Living with the Truth Stranger than Fiction This Is Not About What You Think Milligan and Murphy Making Sense

Wednesday, 1 July 2015



The man with the strange name
passed her by
thinking strange thoughts
in a stranger's tongue.

His dark clothes caught her eye
for a moment
and then he was gone.

A feeling came and went
but she didn't know its name
and tried forgetting
what she wouldn't want to understand.

6 November 1982

I wrote ‘A Marriage’ (#541) on 27th June 1982. So it’s been over four months since I’ve produced a poem and a couple of months since my wife left me. And then this little Beckettian number pops out similar in theme to ‘Itch of an Amputated Leg’ (#538) and ‘Heat’ (#530) only this time the observer is a female and their eyes don’t meet. I’ve never really had a clear image of the man. I supposed he was probably a Hasidic Jew but it wasn’t really important. All that mattered is that the two characters were alien. In Milligan and Murphy there are a couple of instances where one of the brothers locks eyes with an animal and I find myself returning to this again in my new book:

I approached my bench in the early afternoon to find the [cat] lying doggo on the ground beside it. As I went to sit it opened its eyes, which had been shut, identified me as the source of the disturbance, did a quick risk assessment, decided in an instant I was harmless, feckless and most likely worthless and went back to basking in the heat. An hour or so later it got up and padded off in search of some shade. And that was that. In retrospect I am not sure what passed between us during the split-second when our eyes met but it is the only time I have encountered any creature and felt I was in the presence of a kindred spirit, a fellow dosser. I use the adjective kindred reluctantly—it falls short and I dislike the mystical undertones—but I can think of no other that comes close.

And earlier on in the text:

A preposterous fluffy lion was sitting as regally as in could in the centre of the bed. He stared at it and the lion stared back. If it was complicit it wasn’t letting on.



Kass said...

Such a mysterious poem, a good one.
It's hard to imagine you are a dosser. I had to google it and the meaning seems to refer to someone who is lazy.

Jim Murdoch said...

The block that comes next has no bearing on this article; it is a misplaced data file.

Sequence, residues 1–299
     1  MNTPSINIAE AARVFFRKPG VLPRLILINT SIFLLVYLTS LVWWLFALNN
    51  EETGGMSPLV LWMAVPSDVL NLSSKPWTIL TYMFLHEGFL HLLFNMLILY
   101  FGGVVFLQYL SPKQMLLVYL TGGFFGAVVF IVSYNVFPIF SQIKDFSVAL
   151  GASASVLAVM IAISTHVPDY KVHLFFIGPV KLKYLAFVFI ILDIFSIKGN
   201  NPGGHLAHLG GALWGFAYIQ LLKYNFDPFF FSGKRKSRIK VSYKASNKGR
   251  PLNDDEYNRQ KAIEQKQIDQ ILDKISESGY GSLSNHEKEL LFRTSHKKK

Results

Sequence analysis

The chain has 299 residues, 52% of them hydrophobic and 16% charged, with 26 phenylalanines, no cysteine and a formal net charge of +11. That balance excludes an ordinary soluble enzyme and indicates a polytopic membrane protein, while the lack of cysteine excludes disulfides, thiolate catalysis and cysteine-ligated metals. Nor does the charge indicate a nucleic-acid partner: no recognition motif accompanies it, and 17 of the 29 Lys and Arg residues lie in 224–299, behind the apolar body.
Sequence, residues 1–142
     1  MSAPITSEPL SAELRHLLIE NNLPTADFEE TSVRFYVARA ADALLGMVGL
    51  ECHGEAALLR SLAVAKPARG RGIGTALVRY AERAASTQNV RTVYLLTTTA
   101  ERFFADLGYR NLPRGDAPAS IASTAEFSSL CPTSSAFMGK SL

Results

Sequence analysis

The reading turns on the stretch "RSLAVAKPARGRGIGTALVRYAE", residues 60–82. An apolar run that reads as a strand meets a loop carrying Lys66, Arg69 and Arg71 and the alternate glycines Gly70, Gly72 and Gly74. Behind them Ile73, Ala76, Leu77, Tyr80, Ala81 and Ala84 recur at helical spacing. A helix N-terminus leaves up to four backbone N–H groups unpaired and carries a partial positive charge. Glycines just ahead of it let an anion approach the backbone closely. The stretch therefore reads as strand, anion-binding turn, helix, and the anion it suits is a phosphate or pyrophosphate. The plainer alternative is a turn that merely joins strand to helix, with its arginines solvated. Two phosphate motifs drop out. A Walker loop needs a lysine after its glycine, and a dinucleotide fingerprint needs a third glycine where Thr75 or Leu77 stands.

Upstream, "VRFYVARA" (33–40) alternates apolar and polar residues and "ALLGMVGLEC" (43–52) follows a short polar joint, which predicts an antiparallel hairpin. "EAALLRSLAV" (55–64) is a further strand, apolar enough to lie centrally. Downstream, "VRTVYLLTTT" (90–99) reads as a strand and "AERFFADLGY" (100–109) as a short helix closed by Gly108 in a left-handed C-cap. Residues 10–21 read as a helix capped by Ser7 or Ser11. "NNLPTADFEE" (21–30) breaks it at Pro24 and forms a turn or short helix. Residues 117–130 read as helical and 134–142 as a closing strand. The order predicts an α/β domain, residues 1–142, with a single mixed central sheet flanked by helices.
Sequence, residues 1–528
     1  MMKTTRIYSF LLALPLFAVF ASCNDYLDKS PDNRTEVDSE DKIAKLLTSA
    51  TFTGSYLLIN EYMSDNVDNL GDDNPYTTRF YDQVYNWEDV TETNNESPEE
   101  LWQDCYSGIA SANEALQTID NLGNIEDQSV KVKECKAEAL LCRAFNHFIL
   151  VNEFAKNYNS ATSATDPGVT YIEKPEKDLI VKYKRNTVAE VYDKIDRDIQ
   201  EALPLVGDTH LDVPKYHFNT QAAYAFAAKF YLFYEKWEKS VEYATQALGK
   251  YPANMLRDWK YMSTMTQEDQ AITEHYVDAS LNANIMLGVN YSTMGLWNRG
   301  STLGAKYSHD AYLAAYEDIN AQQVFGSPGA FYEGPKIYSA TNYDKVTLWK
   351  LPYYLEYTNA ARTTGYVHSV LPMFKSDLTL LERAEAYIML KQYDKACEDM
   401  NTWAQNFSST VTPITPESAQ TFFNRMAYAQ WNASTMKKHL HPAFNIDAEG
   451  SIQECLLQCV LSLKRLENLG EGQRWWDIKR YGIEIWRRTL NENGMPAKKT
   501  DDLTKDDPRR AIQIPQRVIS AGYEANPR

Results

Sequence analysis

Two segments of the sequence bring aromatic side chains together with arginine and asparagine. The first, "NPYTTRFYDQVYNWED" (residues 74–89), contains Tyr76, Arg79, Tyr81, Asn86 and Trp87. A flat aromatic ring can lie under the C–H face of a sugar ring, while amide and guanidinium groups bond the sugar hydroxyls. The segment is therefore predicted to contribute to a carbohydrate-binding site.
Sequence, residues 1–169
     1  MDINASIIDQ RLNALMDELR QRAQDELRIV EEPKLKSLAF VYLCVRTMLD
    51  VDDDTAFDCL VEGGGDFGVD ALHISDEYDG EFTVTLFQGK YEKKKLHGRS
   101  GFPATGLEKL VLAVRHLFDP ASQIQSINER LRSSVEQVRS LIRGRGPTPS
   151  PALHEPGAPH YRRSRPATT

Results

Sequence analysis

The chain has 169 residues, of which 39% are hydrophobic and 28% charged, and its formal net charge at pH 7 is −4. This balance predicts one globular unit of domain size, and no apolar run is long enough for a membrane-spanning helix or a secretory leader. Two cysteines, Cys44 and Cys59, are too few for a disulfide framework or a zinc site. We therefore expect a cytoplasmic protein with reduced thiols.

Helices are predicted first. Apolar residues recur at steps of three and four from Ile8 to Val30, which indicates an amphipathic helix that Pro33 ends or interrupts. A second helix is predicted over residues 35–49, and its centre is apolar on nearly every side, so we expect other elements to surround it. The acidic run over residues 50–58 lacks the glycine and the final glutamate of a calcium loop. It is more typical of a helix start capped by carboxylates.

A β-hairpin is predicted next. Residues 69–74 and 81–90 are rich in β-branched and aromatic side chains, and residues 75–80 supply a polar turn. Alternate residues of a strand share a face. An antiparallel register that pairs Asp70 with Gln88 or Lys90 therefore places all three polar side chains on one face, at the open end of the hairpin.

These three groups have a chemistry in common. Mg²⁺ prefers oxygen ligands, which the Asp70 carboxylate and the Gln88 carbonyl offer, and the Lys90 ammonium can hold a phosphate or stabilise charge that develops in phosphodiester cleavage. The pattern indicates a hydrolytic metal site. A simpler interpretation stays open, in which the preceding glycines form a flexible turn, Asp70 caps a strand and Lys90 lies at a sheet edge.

Yes, Kass, it is a mysterious little poem and one I’m still very fond of.

A dosser is not just a lazy person. He’s a tramp. In this novel the ‘I’ is not me despite the fact the protagonist is called ‘Jim’. At the point in the book where he encounters the cat he’s eighty years old and has spent most of that time sitting on a bench in a park. He has a home—he even has a housekeeper—but in his heart of hearts he’s a tramp. The book is heavily influenced by the writings of Beckett—which I’ve just reread (the whole lot just about) in preparation for the next bank of edits—and so many of his characters aspire to nothing; they just want to be left alone. And my Jim is cut from the same cloth. He turns up at his front door on his fortieth birthday having lost his entire memory of his past and he never regains it. So everything he knows about who is has been told to him by other people who mostly don’t know him; who truly knows anyone? He becomes a writer—prior to this he was a dissatisfied teacher—but one day he stops work on the story he’s been working on, sticks on his hat and coat and goes and sits in a park. And for the rest of his life that’s pretty much all he does. Many of Beckett’s characters are wanderers. Even when things work out for them they can’t settle. In First Love and Molloy the males run into women who, for some strange reason, decide they want to take care of them and are more than tolerant of their peculiarities and yet within a few months the men abandon the good life for the road. Jim’s ‘road’ only leads to the park and there he takes on the role inhabited by Beckettian characters like the bedridden Malone or the housebound Hamm and Clov in Endgame who amuse themselves in any way they can. This is, of course, only one part of the story. We also get to meet Jim prior to his amnesia and learn just what happened there but I’ve said enough.

Kass said...

You've intrigued me with this explanation of your next novel. Let me know when it's out. I want one.

Jim Murdoch said...

It could be a while Kass. It’s why I had to take time off to work on it and I won’t rush it. At the rate I’m going I’d say about another three months before I’ll be looking for beta readers and then it’ll go to Carrie to edit and it could take her a while because it’s twice as long as any of my other novels and far more complex which is an odd thing to say about a book where virtually nothing happens but it’s all in the subtext. I’m adding annotations to the book as I go so I can keep a track of everything and I’ve nearly 900 of them. To be honest my head’s spinning but it’s fun too. This is the part of writing I probably like best, the polishing and refining and the hiding of Easter eggs.

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